Predictions & Trends

Spaces4Learning 2024 Predictions for Educational Facilities: Part 1

We asked our readership to send us their predictions for 2024 trends in educational facilities. Across K–12 and higher-education campuses both, we asked for opinions on topics like technology, flexible learning spaces, campus safety & security, disaster response, and more. This article is the first in a three-part series compiling responses from educational professionals and vendors.

“School facilities are the second-largest sector of public infrastructure spending, yet too often when it comes to planning and design, we end up with the same traditional types of spaces – classrooms, offices, labs, and multipurpose rooms (which usually only end up being used for lunch and performances).  As technology continues to upend the delivery of education in 2024 (think AI lessons, virtual teachers, and more), we will also see more creative and flexible thinking, literally, when it comes to building design.

“Let’s create experiences for students’ and adults’ learning and discovery sessions in an outside space instead of a classroom, and let’s call it a ‘discovery session’ instead of a ‘training’ to shift mindsets and utilize environments that promote stimulation and or reflection to boost engagement and thinking. Let’s create flexible spaces with foundations and walls that can be manipulated for different uses – or even built on-top-of to expand capacity – allowing strategic uses for years to come.  Rethinking our approach to building design and education spaces requires strong, forward-thinking leadership. Let’s make this the year we rise to the challenge!”
– Dr. Maria Armstrong, executive director of the Association of Latino Administrators & Superintendents (ALAS)

“Higher education institutions are embracing the use of immersive experiences on campus, and these installations can be both sophisticated and demanding. In 2024, institutions will increasingly be seeking out adaptable, higher-resolution, cost-effective projection that adds a “wow” factor to campus activities, whether it is a learning activity or a social event. Brighter 4K projectors with 3-chip technology will ensure impeccable detail and excellent color accuracy to better enhance the realism behind the display.”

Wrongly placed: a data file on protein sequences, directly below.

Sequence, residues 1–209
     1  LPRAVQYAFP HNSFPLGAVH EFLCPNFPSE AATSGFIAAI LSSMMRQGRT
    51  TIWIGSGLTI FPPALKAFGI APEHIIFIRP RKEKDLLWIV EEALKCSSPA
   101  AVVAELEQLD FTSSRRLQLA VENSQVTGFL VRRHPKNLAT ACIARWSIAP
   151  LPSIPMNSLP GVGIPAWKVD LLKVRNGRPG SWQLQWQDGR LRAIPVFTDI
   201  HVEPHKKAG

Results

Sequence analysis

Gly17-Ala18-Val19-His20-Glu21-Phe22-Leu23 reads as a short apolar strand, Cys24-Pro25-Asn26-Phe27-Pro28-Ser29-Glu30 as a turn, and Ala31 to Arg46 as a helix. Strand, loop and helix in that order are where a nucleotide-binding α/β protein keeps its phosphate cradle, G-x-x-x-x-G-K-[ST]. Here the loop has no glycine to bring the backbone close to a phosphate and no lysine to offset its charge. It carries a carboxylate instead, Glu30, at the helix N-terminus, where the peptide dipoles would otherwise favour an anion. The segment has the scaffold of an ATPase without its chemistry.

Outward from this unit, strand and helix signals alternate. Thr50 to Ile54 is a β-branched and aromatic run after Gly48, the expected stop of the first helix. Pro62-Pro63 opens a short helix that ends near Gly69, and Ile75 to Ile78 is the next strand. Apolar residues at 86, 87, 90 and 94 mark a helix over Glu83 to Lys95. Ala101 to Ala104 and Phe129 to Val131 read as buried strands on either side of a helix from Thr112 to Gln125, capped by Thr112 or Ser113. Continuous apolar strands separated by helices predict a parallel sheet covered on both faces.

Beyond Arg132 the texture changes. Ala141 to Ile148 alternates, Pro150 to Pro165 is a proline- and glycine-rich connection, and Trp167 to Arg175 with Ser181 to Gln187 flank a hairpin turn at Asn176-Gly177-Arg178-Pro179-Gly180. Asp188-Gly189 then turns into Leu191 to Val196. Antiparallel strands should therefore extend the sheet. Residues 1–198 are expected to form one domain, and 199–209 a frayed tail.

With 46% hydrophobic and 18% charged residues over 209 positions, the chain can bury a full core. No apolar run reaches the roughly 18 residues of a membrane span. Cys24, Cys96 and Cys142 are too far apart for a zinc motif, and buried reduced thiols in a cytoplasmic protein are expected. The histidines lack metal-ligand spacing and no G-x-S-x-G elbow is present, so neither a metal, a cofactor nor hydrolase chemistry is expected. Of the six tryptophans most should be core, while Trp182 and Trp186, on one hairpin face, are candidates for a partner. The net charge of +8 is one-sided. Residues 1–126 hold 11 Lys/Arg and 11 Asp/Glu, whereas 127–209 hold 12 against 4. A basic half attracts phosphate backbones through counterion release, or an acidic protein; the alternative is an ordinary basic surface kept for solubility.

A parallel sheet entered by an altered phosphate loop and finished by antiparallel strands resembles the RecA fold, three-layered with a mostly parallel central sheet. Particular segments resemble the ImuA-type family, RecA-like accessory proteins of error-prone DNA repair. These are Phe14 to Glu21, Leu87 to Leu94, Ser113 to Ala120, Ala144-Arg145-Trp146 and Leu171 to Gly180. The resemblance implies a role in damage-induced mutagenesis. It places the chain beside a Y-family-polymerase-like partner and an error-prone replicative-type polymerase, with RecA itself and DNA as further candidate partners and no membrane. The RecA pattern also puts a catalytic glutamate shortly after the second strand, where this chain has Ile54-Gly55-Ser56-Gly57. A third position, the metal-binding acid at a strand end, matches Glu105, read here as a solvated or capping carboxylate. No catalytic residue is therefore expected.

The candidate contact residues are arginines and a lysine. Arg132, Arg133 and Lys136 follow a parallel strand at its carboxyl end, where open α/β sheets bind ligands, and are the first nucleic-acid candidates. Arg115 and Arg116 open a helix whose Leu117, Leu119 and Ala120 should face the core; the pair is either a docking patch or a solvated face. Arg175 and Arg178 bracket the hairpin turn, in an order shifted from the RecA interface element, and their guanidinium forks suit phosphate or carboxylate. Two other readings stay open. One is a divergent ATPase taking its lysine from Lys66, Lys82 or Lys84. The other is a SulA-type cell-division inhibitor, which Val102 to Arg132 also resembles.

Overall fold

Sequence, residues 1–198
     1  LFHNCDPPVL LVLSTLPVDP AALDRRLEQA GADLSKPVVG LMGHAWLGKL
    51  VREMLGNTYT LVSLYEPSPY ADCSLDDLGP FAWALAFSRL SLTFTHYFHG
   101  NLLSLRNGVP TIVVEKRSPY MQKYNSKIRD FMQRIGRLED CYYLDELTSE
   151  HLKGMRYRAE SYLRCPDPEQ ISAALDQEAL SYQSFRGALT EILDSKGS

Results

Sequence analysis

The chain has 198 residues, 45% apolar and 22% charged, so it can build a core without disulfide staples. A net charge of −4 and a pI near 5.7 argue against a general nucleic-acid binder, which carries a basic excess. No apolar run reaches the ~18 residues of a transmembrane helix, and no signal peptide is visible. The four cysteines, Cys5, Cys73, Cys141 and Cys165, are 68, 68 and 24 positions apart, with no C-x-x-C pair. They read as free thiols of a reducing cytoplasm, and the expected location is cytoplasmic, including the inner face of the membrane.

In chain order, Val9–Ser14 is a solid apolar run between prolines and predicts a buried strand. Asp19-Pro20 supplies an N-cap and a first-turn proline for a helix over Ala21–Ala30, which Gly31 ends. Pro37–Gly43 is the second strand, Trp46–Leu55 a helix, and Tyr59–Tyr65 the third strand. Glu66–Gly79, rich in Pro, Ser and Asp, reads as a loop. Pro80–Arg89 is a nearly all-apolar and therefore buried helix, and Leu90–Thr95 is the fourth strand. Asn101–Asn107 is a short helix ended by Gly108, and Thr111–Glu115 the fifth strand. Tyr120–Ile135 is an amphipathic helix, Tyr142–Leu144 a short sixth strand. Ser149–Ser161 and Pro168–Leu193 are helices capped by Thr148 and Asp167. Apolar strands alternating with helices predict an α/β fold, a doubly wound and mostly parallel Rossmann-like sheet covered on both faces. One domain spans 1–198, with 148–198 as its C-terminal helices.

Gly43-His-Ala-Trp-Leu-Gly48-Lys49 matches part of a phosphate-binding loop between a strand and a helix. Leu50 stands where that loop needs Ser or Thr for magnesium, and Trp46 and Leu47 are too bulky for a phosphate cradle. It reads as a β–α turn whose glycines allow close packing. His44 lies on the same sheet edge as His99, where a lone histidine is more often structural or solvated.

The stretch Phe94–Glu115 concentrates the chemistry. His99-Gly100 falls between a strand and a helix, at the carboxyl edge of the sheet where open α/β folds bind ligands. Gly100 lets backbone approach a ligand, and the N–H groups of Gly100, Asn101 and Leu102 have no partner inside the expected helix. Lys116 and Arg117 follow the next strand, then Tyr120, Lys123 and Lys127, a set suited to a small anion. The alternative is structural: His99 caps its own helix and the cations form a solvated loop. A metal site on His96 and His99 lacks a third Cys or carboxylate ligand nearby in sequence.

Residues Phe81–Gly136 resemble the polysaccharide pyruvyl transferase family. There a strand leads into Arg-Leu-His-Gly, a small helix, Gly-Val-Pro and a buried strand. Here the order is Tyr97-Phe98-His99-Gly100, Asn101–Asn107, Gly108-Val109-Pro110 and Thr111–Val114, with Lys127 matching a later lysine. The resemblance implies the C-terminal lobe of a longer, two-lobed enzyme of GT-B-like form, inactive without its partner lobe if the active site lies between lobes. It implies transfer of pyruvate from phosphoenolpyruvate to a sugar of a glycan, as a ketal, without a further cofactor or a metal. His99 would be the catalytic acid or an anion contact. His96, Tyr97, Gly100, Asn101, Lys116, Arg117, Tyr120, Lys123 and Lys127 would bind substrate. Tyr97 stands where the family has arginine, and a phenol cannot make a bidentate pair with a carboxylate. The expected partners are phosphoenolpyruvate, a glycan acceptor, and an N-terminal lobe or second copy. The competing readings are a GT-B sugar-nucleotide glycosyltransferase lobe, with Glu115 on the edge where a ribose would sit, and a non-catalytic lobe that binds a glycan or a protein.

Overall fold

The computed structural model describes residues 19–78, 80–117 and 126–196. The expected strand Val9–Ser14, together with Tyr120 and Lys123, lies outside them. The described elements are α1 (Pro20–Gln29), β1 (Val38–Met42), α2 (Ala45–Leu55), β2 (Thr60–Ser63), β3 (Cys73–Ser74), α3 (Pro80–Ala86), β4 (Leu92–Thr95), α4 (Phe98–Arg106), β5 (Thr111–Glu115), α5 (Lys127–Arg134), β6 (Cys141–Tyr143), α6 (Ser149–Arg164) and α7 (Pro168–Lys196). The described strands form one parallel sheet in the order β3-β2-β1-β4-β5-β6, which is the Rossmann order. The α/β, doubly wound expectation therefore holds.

– Ramzi Shakra, Senior Product Manager, Epson America

“Flexible learning spaces will remain a hot topic in 2024, as well as innovating how to utilize a space in multiple ways. Being located in downtown Tampa, physical space will always be a challenge for us, so it’s important we use spaces in imaginative ways. Most recently, we are adding a multi-purpose space that can be used as a banquet hall, lecture hall, and two classrooms. Technology plays an important role in ensuring each type of setup is successfully utilized. The Epson BrightLink interactive display, for example, takes up little space and is easy for teachers to use while still getting a large, 10-foot interactive image. Our new LED volume will not only be used for large-capacity presentations but will also be utilized to display 3D content in Unreal Engine to form a background for our students to use in their virtual production classes. Having reliable and flexible technology is crucial to reaching the full potential of multi-purpose spaces.”
– Chad Lewis, director of technology at Tampa Prep School

“Data security is a constant concern in education, and it’s important for school districts to have measures in place to ensure student records are protected and yet still easily accessible for authorized personnel. We are seeing a movement away from paper-based records, and instead, districts are moving toward cloud-based platforms for storage and management of student records. This frees up valuable building space which can be turned into flex rooms, and for some districts, it eliminates the need for off-site storage facilities while also protecting the records from potential environmental damage such as fire or water. As districts are considering going paperless, re-evaluating their cybersecurity plans, ensuring records management platforms are FERPA compliant, and encrypting data will be important parts of the discussion.”
–John Gillies, VP of Engineering, Scribbles Software